Consumers are trained from an early age to believe color represents flavor profile, freshness and overall quality of a product. For that reason, it’s important to consider appearance and source of colorants to achieve the ideal experience for your target consumer.
Natural colors, or colors that are exempt from certification, come from natural sources like vegetables, minerals or even animals. Thirty-eight colorants are exempt from certification for food and beverage, such as grape color extract for purple, beet juice for red and turmeric for yellow.
In addition to imparting color, many of these ingredients have functional benefits. Spirulina, one of the most common natural color sources for blue or green, has essential amino acids and is rich with calcium, niacin, potassium, magnesium, B vitamins and iron (Nutr Hosp. 2015 Jul 1;32(1):34-40). Beta-carotene, an antioxidant found in many vegetables, (Toxicol Appl Pharmacol. 2014 Oct 1;280(1):36-41) is used to create a red-orange color in products like Izze clementine flavored sparkling juice and Kellogg’s Strawberry Krispies cereal.
Of course, the benefits of these ingredients are dependent on the amount incorporated into the product, which is why some brands use them at higher levels to impart color, flavor and function. Ingredients like blue algae, beet, matcha and turmeric make beautiful beverages full of health benefits. One of the rising stars in beverage is turmeric because of its bold color and anti-inflammatory properties (Crit Rev Food Sci Nutr. 2017 Sep 2;57(13):2889-2895). Several brands such as Rebbl and Pop & Bottle have launched ready to drink (RTD) golden milk products, and a handful of third-wave coffee shops are serving lattes with turmeric for its inherent health benefits and the Instagram appeal of the bright yellow beverage.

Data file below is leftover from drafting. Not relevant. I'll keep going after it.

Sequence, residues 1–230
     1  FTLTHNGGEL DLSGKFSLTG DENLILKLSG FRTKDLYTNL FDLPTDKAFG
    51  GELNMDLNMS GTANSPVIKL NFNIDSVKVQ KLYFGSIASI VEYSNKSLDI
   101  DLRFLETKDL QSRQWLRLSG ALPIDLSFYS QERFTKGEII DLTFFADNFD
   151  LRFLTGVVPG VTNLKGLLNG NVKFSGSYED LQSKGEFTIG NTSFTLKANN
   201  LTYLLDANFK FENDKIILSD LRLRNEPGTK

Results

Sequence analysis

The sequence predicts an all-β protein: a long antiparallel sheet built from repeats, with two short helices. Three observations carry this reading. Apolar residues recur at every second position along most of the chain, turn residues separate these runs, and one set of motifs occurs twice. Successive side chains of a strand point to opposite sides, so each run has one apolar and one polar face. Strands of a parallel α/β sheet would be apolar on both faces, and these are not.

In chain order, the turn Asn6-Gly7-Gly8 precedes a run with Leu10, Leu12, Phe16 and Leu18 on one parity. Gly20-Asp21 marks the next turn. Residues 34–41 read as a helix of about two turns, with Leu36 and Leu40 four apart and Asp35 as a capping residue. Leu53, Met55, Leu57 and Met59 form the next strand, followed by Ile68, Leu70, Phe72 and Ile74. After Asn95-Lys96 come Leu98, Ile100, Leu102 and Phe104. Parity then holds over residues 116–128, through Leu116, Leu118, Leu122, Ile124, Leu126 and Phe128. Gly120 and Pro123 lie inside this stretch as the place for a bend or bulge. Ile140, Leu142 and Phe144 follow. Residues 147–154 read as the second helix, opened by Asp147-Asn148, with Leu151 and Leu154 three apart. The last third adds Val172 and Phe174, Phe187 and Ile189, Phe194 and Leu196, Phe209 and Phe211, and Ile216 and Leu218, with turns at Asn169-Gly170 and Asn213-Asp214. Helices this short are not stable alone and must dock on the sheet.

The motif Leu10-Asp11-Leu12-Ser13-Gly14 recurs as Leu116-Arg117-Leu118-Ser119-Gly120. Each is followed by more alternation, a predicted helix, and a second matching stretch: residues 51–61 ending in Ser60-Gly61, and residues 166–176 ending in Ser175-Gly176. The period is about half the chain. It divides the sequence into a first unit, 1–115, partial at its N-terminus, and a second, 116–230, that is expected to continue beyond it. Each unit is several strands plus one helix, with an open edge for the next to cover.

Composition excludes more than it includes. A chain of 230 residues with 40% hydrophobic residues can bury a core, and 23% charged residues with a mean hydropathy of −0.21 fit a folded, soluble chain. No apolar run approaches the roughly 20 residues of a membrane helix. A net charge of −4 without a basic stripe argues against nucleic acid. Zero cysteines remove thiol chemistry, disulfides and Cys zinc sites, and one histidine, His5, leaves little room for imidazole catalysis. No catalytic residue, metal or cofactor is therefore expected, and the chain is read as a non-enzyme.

While natural colors offer many advantages, these types of ingredients can be challenging when formulating RTD beverages. Before clean label became common, most beverages were colored artificially using synthetic colors to maintain color intensity, so bright, bold colors are something consumers have come to expect. Natural colors are more sensitive to pH as well as fading due to heat during processing and light, so product developers must choose natural colors that will maintain intensity throughout processing and on the shelf.
Learn tips on formulating with natural colors in this full article in INSIDER’s Colors and flavors digital magazine.
Holly McHugh is the marketing associate at Imbibe, a Chicago-based beverage development company. She focuses on the company's external communications and brand awareness. She also monitors and analyzes beverage trends to guide clients in making strategic decisions about product development. McHugh’s market insights have been published in BevNet, Beverage Industry, Natural Products Insider, Prepared Foods and Food Ingredients First. She has a bachelor's degree from Columbia College Chicago and a master's degree from the University of Denver.